1. Big exits, outside digital, do happen here. They need not always be international.

2. 2-3 players show a healthy and probably growing market. Ability to attract investment is always tied to the potential of the market and ability of the company to bite into it.

No doubt about the market size in India, the question is about the right approach to unlock it.


The market is not limited to India. The market is global. There is no reason why Indian startups cannot have global clients and be acquired by a non-Indian company. Sure the legal costs will be slightly higher during the exit, but thats not a deterrent.

The problem of why ycombinator model has not worked in India is the same as why other ycombinator copycats in other parts of the world have failed too. (Besides TechStars, I can't think of very many successful ycombinators in other parts of the world - including Canada and Europe and Australia.)

The reason is: these copy cats have not cracked the code of attracting and accepting awesome startups. The success of ycombinator is mainly based on the success of its startup selection.

You need someone like Paul Graham to attract a lot of startups. You then need to be good at filtering out and select only the startups that show promise. And you then need to help these startups with huge demo days.

Who else has managed to crack this? No one. If you see the Indian and other ycombinator copy cats, you will still see such a high degree of crappy startup acceptance rate. Fix that, and you will have a successful ycombinator copy cat.

Because the market is global.


The market is global

Excellent point, and the one I came here to make. I think you're off, though, on the reason YC companies are so successful.

It's not the quality of the startups or the quality of the talent. It's the connections and exposure that YC comes with that gives them such a huge advantage.

Imagine if your little one-man company could land itself on TechCrunch whenever you wanted. If you had reporters at Inc. magazine using you as examples in articles related to your industry (or writing articles about your industry specifically so they could drop your name). If you could call in favors from pretty much anybody in the tech world.

That would be pretty cool. Way cooler than $30k (plus 150k), and certainly worth 6% of your thing. At this point, YC companies are successful because YC companies are successful. It's so self-reinforcing it's essentially a tautology.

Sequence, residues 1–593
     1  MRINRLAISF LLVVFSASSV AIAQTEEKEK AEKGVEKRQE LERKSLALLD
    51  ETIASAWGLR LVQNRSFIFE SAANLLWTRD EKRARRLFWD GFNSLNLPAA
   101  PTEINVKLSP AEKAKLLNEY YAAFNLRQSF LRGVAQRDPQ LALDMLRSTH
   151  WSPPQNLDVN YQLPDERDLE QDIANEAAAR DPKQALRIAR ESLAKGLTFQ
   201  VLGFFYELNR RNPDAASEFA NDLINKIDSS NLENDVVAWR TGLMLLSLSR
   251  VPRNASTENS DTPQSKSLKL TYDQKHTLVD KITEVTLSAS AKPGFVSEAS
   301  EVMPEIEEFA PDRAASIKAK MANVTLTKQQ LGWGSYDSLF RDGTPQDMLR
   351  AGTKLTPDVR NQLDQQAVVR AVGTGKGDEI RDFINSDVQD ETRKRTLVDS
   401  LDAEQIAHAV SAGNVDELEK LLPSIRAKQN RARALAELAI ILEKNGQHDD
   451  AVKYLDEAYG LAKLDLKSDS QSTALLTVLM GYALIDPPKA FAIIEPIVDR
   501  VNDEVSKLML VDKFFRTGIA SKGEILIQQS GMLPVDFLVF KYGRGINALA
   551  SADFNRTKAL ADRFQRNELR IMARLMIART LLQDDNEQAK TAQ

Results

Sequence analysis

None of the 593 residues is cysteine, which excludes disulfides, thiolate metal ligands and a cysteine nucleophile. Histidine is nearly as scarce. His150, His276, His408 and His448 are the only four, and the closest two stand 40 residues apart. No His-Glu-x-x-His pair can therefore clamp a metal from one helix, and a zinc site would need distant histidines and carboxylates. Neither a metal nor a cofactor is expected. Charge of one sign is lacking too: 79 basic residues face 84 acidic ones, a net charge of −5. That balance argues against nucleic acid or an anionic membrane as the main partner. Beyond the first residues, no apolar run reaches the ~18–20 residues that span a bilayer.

PG has repeatedly said that connections and exposure are NOT the biggest advantage. It is the talent that matters, AND the fact that YC can provide extremely relevant and detailed guidance on all aspects of startupping.

http://ycombinator.com/atyc.html


Do you believe that though?

Talent happens everywhere, and the knowledge and advice that they give is freely available to anybody with access to Google. So why, given two teams with equal talent and equal guidance, would the YC company do so much better in the general case?

If you look at the link you referenced, you'll notice that every single one of them is about connecting YC startups with important people (including VCs, the YC team, other YC companies, angels, tech press, and Silicon Valley as a whole).

It's a good thing, by the way.


I definitely believe it.

The knowledge and advice that they give is freely available to anybody with access to Google

Definitely not. They're not giving general advice -- that's already been given in the form of PG's essays, etc.

They give detailed, specific information for each company. From what I understand, it includes everything from tactical information on exactly when to launch or what features to cut, to longer term product and UI design to long-term strategic advice for the company. Also, they have expertise in everything from team dynamics to product development to knowledge of the press and funding, etc. With hundreds of companies as YC alums, the YC folks have an unrivaled amount of experience -- whatever your situation, they've probably seen something like it and can give you great advice.

I think there are very few other advisors who could give really good advice on all these fronts.

If you look at the link you referenced, you'll notice that every single one of them is about connecting YC startups with important people

What? Maybe half of it is, but did you miss the whole "office hours" section?


I don't believe it. For e.g. Banks in India gave 84% of loans to http://en.wikipedia.org/wiki/Forward_caste community


Totally agree. The point is that you can have the talent in India and service the US or any market.

However you can hire an Indian team from the US in any case. I personally have 45 staff in 9 different countries. Thinking about your business in terms of "I'm in country X and I hire from country X" is a 20th century outdated way of thinking.


Agreed that the market is global and that PG, the team and the philosophy is a major factor.